async def racer(lane_element):
    speed = random.random() + .4
    lane_element.value = 0
    while lane_element.value < 100:
        lane_element.value += speed
        await asyncio.sleep(.1)
    
    #race is over for this lane; change border color
    lane_element.classList.remove('border-yellow-700')
    lane_element.classList.add('border-green-500')
    

NUM_RACERS = 5

def run_race():
    racers = []

    #clear output
    output = document.getElementById('race-output')
    while output.firstChild:
        output.removeChild(output.firstChild)

    for n in range(NUM_RACERS):
        #Create new progress bars as lanes for our "racers"
        new_lane = document.createElement("progress")
        new_lane.id = f"lane-{n}"
        new_lane.max = 100
        new_lane.classList.add('border-4', 'border-yellow-500', 'm-2', 'h-6', 'w-11/12')
        

        #Add the progress bars and labels to the document
        document.getElementById("race-output").appendChild(new_lane)

        racers.append(racer(new_lane))

    # Return a Promise representing the results.
    # If you don't need the results, no need to return or await this
    return asyncio.gather(*racers)

#Run the race over and over
async def race_monitor():
    while True:
        results = run_race()
        await results
        await asyncio.sleep(1)

#Start the monitoring task
asyncio.create_task(race_monitor())

Scroll to see complete code

Live PyScript Results:

When you have multiple awaitable objects (coroutines, Tasks, and Futures) that you want to run "in a group" or "as a batch", asyncio.gather() can simplify your life. If any of the collection of awaitables is a coroutine, it is automatically wrapped in a Task (and scheduled).

In a PyScript/Pyodide context, one can image using gather for UI management or "backend" work. For example, you might have a collection of onscreen objects (like the example above) that each need to update themselves asynchronously. Or you might gather() a collection of coroutines that use pyfetch() to retrieve network resources, allowing them to fetch asynchronously while PyScript continues executing on the page.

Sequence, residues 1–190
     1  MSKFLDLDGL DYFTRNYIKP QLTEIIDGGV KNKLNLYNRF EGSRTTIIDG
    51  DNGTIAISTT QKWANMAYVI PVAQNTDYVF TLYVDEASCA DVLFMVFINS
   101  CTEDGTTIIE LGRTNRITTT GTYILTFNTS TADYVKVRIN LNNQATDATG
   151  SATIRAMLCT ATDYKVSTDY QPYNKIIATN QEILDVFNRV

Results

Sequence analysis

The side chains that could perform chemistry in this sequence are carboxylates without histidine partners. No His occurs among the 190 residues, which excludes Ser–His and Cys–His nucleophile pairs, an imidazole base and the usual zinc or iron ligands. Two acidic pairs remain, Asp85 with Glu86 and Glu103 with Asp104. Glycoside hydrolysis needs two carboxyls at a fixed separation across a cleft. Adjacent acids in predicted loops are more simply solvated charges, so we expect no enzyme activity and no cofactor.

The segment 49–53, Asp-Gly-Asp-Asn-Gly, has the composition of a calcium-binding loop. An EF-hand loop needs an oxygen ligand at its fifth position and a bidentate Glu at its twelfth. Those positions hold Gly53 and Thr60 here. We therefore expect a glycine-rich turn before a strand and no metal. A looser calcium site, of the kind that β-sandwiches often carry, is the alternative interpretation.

Implicit Async

PyScript/Pyodide has an interesting quirk that allows an additional way of working with coroutines, that has to to with what's called "Top-Level Await". If you've written async/await code before, you might be familiar with Python yelling at you for trying to use 'await' outside of a coroutine, like so:

    import asyncio
    print("One plus two is... wait for it...")
    await asyncio.sleep(1)
    print(1+2)
    ----
    >>> await asyncio.sleep(1)
    >>> ^
    >>> SyntaxError: 'await' outside function
    import asyncio
    async def add_slowly():
        print("One plus two is... wait for it...")
        await asyncio.sleep(1)
        print(1+2)

    await add_slowly()
    ----
    >>> await asyncio.sleep(1)
    >>> ^
    >>> SyntaxError: 'await' outside async function

However, if you run those same pieces of code in PyScript, they work just fine!

Live PyScript Results:

bad_add.py

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import asyncio
async def add_slowly():
    Element("out").write("One plus two is... wait for it...")
    await asyncio.sleep(5)
    Element("out").write(1+2, append=True)

#This isn't normally possible:
await add_slowly()

The reason that code with top-level await (i.e. "await" outside an async function) works in PyScript is due to a design decision on the part of the Pyodide team, whose thinking I imagine goes like this:

  • We usually can't just nakedly await things in Python, since we need an active event loop to schedule the coroutines into.
  • In the browser, we always have an active event loop (the browser event loop)
  • CPython allows us to compile code with the PyCF_ALLOW_TOP_LEVEL_AWAIT, which, if it finds Top-Level 'Await' statements, returns the evaluated code as a coroutine